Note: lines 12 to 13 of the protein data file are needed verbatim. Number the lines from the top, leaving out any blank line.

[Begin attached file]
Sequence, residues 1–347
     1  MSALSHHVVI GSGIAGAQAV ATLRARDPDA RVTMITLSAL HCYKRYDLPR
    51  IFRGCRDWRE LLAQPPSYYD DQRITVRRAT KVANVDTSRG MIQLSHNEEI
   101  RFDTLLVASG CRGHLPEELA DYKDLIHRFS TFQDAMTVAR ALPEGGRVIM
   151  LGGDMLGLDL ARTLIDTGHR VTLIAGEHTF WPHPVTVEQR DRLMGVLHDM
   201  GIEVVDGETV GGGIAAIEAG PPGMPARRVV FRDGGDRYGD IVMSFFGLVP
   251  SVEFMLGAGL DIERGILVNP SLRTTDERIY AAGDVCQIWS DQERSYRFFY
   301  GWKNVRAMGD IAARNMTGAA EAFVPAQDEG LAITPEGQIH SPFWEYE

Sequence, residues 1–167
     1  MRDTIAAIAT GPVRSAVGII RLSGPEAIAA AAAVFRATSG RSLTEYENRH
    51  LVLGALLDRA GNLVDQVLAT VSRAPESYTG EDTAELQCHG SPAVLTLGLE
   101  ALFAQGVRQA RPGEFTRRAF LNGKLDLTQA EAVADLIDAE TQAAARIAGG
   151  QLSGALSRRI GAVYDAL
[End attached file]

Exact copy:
   101  ALFAQGVRQA RPGEFTRRAF LNGKLDLTQA EAVADLIDAE TQAAARIAGG
   151  QLSGALSRRI GAVYDAL